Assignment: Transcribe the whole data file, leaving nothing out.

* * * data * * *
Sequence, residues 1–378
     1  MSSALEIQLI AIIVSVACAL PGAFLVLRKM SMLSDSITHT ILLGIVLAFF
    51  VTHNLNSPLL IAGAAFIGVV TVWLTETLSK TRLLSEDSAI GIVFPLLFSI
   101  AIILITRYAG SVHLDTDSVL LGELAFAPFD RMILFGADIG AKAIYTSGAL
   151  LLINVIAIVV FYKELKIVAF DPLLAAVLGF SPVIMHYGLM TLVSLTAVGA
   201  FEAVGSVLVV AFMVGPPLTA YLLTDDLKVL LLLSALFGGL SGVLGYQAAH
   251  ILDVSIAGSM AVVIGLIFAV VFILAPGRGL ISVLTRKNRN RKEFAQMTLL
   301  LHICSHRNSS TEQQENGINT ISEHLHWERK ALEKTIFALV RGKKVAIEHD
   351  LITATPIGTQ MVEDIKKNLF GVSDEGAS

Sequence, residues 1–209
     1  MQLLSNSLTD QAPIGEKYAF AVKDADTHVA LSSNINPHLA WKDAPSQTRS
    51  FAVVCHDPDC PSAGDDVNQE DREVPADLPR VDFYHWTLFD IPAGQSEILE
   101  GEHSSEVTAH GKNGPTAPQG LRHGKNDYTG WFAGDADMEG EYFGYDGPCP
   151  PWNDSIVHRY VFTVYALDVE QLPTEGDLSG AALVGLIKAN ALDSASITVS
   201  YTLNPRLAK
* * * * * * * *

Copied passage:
Sequence, residues 1–378
     1  MSSALEIQLI AIIVSVACAL PGAFLVLRKM SMLSDSITHT ILLGIVLAFF
    51  VTHNLNSPLL IAGAAFIGVV TVWLTETLSK TRLLSEDSAI GIVFPLLFSI
   101  AIILITRYAG SVHLDTDSVL LGELAFAPFD RMILFGADIG AKAIYTSGAL
   151  LLINVIAIVV FYKELKIVAF DPLLAAVLGF SPVIMHYGLM TLVSLTAVGA
   201  FEAVGSVLVV AFMVGPPLTA YLLTDDLKVL LLLSALFGGL SGVLGYQAAH
   251  ILDVSIAGSM AVVIGLIFAV VFILAPGRGL ISVLTRKNRN RKEFAQMTLL
   301  LHICSHRNSS TEQQENGINT ISEHLHWERK ALEKTIFALV RGKKVAIEHD
   351  LITATPIGTQ MVEDIKKNLF GVSDEGAS

Sequence, residues 1–209
     1  MQLLSNSLTD QAPIGEKYAF AVKDADTHVA LSSNINPHLA WKDAPSQTRS
    51  FAVVCHDPDC PSAGDDVNQE DREVPADLPR VDFYHWTLFD IPAGQSEILE
   101  GEHSSEVTAH GKNGPTAPQG LRHGKNDYTG WFAGDADMEG EYFGYDGPCP
   151  PWNDSIVHRY VFTVYALDVE QLPTEGDLSG AALVGLIKAN ALDSASITVS
   201  YTLNPRLAK